African penguin returns to where he was released
An oiled African penguin was found on Wilderness beach and brought to Saprec (Seabird and Penguin Rehabilitation Centre) on 24 September last year.
After being cleaned and rehabilitated at the centre, the bird was microchipped and released at Beacon Point in Mossel Bay on 11 November 2017.
Recently, a penguin with an arrested moult was found at the Point in Mossel Bay and after being scanned to see if it had been microchipped, it was found that it is the same penguin.
It is remarkable that it made its way back safely to where it was released 11 months ago.
For many years penguins were ringed prior to release with a metal band placed on the flipper.
These bands caused all sorts of problems and it was decided to stop using them. Other methods were looked into but anything externally used, had a negative effect on the penguins.
With new technology available, all rehabilitation facilities are now using microchips that are inserted under the skin and they have no negative effects at all.
Each bird gets a chip with its own number that has all the information of the bird, for example: what was wrong with it and where it came from.
When a stranded penguin is found, it gets scanned to check for a chip and if it does not have one, a chip is inserted prior to its release.
The value of keeping records and to have technology at hand is absolutely amazing as this little penguin’s history could now be traced.
He is suffering from an arrested moult. The African penguin’s feathers are important for keeping them warm and dry while they are in the cold seawater. The feathers may wear or even break and in order to replace these feathers, penguins go through a moult where their old feathers are pushed out and replaced by new ones. Moulting is a three-stage process and starts weeks before the feathers are actually replaced. First, they gorge themselves on fish to increase the body weight to endure the second stage. Penguins are not waterproof while moulting and stay on land for two to three weeks, fasting until their new feathers emerge. During this time, they might also go in what is called an arrested moult where they do not have sufficient body resources to complete the moult.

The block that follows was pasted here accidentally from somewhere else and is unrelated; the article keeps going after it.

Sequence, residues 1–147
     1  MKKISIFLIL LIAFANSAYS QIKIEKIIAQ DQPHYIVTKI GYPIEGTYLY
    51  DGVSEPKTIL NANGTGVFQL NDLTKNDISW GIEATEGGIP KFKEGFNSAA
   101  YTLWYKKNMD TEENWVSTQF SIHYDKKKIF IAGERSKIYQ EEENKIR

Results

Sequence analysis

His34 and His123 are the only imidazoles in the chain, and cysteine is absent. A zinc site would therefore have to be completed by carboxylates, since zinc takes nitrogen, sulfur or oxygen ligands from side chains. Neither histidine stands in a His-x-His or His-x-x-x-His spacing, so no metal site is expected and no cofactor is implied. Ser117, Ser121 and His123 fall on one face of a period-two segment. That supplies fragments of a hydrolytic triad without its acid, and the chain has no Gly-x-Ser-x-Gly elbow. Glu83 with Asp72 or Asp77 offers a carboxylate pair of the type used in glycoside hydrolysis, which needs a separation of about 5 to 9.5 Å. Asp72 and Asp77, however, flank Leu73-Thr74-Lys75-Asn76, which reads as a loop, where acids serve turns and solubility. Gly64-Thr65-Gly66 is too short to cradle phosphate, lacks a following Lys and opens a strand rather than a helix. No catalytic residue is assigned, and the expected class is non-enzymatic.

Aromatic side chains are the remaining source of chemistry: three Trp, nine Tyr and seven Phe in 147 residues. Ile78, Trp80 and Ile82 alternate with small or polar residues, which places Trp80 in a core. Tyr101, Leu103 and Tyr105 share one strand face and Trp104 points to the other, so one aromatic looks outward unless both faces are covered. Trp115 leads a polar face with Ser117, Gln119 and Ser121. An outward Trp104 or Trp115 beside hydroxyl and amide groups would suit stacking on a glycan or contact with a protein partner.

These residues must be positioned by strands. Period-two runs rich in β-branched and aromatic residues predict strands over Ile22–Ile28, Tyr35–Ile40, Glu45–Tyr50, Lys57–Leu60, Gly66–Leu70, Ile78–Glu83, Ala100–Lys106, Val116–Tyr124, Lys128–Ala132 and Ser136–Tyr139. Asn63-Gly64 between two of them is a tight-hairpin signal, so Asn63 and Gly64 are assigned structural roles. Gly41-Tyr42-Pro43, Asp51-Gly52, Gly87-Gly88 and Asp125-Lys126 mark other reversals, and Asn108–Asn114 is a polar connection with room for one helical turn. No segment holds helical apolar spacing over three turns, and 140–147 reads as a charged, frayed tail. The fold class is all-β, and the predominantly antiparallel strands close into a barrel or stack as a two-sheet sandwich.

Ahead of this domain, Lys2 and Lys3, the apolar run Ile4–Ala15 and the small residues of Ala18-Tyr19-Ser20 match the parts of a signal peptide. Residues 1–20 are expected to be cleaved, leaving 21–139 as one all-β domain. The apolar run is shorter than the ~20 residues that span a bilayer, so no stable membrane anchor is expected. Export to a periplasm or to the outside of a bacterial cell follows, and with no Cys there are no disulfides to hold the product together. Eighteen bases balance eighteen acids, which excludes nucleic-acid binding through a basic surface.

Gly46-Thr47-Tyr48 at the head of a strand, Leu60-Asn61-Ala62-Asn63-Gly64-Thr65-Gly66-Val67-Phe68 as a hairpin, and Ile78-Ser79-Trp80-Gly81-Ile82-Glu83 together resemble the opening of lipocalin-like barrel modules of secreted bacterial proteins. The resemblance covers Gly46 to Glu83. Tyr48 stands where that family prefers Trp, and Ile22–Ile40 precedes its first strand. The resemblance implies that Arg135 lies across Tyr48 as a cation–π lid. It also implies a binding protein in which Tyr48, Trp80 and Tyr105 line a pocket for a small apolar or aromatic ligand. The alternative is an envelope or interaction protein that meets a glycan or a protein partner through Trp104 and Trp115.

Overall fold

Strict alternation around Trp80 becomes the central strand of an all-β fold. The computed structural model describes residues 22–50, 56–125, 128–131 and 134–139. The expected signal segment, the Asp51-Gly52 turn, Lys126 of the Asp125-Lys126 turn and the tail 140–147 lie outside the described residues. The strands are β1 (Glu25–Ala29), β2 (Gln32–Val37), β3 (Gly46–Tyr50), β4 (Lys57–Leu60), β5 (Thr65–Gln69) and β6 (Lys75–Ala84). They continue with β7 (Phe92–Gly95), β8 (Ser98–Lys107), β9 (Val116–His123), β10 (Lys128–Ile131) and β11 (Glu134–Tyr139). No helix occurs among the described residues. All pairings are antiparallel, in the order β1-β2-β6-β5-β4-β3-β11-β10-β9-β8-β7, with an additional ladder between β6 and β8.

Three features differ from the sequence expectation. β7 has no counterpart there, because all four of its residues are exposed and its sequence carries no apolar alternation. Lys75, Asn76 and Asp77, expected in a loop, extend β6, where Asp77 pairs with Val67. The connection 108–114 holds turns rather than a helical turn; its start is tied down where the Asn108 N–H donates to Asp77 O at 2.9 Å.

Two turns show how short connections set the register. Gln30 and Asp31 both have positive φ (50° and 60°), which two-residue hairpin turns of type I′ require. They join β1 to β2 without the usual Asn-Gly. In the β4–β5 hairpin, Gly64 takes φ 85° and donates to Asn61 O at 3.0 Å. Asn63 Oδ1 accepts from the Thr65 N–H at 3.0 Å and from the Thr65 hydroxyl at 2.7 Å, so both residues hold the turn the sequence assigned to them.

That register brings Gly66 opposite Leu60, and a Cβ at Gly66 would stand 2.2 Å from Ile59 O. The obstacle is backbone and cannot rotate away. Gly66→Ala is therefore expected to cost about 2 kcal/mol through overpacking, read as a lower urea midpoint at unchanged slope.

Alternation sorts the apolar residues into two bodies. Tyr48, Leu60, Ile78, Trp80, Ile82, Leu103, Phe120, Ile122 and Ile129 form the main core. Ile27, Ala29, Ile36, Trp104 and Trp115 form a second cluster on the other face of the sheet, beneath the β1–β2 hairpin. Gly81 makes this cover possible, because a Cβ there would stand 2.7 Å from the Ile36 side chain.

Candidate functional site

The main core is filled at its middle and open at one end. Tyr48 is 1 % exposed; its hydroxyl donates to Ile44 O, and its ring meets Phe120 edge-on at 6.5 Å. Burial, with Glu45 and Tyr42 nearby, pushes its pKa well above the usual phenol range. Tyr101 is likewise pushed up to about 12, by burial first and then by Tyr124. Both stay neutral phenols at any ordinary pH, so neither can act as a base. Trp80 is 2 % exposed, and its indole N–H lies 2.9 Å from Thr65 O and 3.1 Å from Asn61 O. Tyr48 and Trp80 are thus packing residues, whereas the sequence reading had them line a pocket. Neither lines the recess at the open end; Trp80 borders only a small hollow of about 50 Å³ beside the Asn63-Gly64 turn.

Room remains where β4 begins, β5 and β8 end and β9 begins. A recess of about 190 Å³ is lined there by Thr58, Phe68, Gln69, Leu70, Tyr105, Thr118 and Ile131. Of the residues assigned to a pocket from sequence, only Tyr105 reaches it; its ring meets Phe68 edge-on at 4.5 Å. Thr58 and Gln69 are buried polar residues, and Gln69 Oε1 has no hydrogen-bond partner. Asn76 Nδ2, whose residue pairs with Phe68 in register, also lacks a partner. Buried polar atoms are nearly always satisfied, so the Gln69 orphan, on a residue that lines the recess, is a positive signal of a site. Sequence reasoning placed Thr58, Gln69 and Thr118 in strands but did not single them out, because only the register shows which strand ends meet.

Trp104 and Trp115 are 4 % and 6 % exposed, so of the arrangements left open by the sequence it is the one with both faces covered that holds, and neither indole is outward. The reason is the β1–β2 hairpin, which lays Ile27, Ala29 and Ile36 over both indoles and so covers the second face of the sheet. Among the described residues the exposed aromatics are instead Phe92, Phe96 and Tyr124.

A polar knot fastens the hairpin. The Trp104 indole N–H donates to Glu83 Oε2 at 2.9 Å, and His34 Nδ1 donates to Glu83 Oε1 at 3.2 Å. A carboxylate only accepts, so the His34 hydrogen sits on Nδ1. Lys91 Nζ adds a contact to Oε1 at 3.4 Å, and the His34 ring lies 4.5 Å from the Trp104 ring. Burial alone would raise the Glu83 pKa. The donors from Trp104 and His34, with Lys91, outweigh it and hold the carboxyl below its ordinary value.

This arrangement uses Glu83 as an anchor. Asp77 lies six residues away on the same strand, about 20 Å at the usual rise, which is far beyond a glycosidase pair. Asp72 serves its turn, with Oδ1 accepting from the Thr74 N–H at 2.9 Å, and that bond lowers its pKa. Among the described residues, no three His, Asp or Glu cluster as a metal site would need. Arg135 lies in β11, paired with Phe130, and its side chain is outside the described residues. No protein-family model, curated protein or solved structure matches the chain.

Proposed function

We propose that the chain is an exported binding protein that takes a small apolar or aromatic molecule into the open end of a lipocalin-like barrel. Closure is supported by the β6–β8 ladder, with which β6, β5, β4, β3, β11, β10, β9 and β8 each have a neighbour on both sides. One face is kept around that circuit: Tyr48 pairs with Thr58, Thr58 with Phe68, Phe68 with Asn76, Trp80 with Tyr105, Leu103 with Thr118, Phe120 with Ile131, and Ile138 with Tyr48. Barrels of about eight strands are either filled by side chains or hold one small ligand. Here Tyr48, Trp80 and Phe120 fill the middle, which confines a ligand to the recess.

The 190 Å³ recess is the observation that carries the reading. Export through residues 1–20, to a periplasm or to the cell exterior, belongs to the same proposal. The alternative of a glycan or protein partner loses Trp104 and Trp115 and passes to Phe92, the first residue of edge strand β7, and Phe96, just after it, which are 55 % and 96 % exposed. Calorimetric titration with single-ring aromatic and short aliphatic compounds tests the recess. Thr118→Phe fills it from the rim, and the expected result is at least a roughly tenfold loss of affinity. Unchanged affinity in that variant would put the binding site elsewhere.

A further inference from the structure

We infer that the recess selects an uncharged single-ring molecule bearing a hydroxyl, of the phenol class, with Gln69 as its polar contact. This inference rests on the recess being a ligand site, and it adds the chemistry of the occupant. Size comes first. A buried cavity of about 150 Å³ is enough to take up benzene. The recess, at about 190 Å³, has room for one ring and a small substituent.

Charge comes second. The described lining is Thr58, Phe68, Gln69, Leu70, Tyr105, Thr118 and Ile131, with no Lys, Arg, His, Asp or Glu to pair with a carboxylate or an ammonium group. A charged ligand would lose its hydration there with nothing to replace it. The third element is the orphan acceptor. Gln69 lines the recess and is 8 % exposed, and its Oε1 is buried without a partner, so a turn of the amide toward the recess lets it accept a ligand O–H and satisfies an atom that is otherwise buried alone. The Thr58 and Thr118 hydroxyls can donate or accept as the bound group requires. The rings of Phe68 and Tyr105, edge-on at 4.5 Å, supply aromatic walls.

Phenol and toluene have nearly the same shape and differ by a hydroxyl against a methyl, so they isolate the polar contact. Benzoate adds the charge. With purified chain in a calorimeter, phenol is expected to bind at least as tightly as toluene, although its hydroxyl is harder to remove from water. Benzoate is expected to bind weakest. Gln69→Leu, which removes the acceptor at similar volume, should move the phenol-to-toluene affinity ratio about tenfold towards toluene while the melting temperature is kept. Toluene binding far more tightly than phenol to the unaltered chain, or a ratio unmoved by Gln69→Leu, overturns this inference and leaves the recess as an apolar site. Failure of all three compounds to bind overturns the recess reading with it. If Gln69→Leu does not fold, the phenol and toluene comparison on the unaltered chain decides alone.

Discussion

The third stage involves returning to the sea to replenish the lost weight. During the rehabilitation of this arrested moult condition, the birds are fed lots of fish but also oils such as Omega 3 and other supplements to assist them to moult again.
When in moult and especially when an arrested moult occurs, the penguins usually end up on our local beaches. All African penguins found on our beaches have to be reported and rescued. Contact Carol Walton (082 364 3382) or S.M.A.R.T. (072 227 4715).
Microchips are inserted under the skin and have no negative effects at all.
“Nature Knows No Waste” is the theme for National Marine Week 2018 that will be celebrated at the Dias Museum on 30 October.